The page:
But she did not stop there. “Permit me to be blunt and say that Geneva has internalized many of these negative messages. The negativism is compounded by the negative advocacy of some think tanks and civil society groups here in Geneva and elsewhere who believe the WTO is not working for people,” she said. “This is of course not true, although we have not been able to clearly demonstrate it, but it worsens the trust deficit that I have noticed in these past 15 months,” Ngozi claimed.
Her thin skin was also demonstrated on Sunday when, questioned by a journalist during a press conference, she adopted an ironic tone to question his coverage. In fact, having covered many of the trade ministerials since 2003, this one is certainly one of the most restricted for journalists; the media is placed in a separate building and with no access to information on which ministers attended the meeting or whether they actually came to Geneva.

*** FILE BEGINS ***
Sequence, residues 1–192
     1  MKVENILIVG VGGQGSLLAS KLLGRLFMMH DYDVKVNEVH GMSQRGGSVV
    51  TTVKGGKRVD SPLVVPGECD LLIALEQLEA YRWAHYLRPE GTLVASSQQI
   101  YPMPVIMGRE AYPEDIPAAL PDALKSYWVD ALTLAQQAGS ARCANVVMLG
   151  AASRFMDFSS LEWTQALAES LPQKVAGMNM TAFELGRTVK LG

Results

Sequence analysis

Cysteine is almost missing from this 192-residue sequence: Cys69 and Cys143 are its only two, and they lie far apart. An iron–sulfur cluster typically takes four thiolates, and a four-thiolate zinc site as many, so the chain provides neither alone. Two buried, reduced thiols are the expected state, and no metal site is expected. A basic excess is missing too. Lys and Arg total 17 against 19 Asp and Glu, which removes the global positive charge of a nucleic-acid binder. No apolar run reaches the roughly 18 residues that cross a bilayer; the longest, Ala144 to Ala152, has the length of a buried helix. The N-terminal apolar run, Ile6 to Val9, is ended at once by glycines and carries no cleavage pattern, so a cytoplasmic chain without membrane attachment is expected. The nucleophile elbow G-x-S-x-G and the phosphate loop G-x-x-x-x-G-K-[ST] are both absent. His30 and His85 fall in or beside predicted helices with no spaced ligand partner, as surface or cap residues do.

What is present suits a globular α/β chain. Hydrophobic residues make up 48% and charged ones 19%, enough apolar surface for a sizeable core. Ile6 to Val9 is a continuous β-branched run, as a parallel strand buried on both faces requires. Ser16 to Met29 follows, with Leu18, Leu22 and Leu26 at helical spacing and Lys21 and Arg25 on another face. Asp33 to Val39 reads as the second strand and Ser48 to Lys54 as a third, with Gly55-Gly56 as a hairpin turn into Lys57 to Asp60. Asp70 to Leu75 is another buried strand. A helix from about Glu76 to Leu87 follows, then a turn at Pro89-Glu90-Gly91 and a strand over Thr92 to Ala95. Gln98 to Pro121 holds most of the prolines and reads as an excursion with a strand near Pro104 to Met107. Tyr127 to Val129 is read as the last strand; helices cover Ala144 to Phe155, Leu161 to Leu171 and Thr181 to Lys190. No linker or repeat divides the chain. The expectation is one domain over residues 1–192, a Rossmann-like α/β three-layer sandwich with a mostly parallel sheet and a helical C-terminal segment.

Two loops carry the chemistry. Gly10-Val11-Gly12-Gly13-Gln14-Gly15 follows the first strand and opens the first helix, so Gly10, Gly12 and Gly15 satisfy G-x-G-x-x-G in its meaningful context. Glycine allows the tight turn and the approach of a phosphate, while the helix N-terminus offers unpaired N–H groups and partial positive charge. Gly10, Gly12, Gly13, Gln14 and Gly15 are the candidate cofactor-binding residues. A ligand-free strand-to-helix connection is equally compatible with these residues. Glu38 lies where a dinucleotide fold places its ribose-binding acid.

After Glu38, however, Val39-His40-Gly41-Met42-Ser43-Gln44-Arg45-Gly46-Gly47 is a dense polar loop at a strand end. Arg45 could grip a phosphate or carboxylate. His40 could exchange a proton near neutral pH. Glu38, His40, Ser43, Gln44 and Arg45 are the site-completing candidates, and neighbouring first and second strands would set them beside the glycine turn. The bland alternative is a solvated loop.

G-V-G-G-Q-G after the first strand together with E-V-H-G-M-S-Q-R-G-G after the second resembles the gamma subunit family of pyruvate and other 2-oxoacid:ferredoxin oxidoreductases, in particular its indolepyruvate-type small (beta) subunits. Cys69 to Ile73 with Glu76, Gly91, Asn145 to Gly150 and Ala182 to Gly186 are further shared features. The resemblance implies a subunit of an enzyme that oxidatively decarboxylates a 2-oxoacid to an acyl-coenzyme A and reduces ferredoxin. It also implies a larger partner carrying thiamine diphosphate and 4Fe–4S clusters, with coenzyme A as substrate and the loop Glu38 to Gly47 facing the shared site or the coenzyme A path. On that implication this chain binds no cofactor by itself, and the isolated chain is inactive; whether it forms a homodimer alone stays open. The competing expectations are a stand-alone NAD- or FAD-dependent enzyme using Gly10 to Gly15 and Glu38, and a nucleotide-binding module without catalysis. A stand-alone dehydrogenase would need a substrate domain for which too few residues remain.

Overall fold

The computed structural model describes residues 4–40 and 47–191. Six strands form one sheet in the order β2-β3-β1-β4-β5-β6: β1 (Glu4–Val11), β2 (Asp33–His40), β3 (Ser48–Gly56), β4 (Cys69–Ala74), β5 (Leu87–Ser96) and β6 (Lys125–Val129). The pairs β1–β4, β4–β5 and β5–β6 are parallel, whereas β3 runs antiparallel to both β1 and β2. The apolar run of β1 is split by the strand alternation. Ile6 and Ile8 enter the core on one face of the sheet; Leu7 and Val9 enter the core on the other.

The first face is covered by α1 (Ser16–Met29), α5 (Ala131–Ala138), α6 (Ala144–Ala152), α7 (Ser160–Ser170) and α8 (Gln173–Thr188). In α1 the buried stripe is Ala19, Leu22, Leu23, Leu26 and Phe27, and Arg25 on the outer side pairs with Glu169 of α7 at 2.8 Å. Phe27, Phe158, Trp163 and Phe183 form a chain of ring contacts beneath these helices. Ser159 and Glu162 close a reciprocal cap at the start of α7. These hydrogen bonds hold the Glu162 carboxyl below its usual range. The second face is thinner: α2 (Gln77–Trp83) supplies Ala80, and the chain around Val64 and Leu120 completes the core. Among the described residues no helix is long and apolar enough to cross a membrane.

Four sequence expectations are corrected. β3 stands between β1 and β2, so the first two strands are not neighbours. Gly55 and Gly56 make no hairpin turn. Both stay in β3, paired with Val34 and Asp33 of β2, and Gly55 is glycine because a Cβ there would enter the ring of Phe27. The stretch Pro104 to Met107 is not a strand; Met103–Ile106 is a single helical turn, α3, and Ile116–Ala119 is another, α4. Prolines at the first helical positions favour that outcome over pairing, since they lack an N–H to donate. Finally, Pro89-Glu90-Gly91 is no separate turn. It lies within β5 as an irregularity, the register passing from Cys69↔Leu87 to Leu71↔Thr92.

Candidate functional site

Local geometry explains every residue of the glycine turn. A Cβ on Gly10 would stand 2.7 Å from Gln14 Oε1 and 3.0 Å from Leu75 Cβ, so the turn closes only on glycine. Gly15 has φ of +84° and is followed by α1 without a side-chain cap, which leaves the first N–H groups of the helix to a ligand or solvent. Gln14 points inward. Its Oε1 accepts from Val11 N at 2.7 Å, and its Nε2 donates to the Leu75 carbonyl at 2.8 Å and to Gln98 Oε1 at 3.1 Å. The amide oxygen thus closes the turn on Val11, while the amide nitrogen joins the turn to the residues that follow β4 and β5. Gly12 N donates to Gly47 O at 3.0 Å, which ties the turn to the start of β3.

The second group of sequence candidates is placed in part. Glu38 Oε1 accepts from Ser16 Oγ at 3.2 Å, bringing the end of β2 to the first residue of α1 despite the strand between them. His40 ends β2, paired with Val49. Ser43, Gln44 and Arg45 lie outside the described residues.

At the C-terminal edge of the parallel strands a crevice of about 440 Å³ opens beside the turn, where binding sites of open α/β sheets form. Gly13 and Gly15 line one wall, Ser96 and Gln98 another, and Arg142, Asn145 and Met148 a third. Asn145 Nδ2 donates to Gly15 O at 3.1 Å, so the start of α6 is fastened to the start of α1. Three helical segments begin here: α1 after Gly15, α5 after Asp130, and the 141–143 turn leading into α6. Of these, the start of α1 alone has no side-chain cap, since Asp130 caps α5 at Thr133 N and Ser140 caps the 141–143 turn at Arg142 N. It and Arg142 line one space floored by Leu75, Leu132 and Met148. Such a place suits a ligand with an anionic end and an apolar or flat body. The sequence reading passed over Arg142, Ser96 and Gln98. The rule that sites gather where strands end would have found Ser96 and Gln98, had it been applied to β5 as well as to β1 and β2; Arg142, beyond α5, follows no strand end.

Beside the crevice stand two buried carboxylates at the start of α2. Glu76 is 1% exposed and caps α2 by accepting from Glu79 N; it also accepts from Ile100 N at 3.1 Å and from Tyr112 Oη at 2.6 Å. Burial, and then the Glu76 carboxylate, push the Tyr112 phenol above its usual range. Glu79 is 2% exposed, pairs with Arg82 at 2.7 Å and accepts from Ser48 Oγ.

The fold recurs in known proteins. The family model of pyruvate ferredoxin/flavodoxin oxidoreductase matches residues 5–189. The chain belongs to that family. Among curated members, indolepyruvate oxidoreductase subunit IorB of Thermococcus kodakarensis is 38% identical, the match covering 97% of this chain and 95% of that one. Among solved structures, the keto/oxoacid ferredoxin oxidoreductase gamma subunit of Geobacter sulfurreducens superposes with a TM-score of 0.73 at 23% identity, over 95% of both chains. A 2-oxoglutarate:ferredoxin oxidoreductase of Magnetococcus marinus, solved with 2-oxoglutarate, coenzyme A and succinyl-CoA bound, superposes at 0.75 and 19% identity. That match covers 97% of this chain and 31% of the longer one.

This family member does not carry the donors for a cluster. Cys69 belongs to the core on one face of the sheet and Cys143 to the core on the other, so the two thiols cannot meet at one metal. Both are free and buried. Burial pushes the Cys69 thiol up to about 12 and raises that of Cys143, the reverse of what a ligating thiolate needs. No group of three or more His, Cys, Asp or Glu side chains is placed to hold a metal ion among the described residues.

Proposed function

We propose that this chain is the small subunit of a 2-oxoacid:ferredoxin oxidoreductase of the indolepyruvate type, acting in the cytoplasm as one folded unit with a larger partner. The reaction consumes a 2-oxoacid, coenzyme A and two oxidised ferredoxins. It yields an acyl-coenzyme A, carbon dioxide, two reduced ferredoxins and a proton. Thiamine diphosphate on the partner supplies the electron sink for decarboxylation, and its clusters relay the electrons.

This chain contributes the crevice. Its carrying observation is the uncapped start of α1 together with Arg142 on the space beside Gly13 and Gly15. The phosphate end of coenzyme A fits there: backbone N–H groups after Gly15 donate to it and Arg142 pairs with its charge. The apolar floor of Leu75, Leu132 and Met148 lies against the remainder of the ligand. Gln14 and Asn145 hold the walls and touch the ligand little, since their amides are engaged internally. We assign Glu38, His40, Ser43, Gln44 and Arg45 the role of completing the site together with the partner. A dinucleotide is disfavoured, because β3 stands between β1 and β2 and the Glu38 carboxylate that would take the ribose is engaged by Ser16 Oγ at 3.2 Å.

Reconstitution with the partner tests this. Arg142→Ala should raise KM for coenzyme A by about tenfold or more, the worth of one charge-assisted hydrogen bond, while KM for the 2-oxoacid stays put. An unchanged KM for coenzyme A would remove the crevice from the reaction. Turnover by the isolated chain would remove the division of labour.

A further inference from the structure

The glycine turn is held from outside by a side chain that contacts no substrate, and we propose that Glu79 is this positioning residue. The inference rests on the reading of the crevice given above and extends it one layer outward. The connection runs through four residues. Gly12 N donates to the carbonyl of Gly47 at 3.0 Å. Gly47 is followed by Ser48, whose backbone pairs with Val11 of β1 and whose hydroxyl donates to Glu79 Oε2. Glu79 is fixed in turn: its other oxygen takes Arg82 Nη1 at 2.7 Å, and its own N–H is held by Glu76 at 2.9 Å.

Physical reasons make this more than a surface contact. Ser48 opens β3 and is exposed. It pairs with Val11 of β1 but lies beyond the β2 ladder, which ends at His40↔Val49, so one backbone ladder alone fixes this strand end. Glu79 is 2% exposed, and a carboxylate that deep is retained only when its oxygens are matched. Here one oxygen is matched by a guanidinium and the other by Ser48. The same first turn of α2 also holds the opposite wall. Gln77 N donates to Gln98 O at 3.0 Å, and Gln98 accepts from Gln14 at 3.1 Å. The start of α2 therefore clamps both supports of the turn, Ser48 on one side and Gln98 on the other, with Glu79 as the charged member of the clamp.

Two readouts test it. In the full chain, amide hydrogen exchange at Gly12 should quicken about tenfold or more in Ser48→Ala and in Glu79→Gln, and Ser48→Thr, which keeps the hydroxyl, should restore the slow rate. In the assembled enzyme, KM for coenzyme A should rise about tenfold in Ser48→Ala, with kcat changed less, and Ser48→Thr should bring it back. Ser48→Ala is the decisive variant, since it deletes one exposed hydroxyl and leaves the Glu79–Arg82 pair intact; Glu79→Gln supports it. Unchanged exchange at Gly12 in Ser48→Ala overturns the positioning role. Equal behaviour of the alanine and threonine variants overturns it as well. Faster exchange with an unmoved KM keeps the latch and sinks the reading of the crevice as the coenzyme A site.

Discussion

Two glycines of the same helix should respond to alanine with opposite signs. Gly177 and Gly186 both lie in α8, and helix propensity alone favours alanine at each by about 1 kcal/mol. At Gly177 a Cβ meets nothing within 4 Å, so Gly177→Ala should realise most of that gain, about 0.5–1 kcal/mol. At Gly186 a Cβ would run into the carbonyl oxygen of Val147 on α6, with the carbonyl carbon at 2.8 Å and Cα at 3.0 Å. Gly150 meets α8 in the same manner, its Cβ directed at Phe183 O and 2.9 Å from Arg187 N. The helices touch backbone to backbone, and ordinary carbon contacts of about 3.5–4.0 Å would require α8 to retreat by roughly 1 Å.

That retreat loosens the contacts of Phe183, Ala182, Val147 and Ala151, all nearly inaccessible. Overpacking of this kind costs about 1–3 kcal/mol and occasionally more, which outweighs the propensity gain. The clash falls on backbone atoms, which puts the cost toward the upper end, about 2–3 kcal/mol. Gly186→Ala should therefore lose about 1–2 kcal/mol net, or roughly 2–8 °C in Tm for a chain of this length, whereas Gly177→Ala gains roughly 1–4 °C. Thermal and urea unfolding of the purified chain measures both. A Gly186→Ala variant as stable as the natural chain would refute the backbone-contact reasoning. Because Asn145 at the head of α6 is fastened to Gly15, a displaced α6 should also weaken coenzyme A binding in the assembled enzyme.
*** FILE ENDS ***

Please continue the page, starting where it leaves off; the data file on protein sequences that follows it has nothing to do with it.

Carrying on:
The deficit of transparency was not only an issue for civil society and the press. Contrary to promises made during her campaign, Ngozi intensified the use of small group meetings—called ‘Green Room’ meetings—in order to negotiate the texts. If this has been a tradition at the WTO for decades, experienced negotiators agree it was overused during the week.
For many, such a model of negotiations deepened the lack of transparency and trust, perpetuating the broader crisis in multilateralism. While some were always invited to the room—such as the US, EU, China, Brazil or India—dozens were permanently kept out.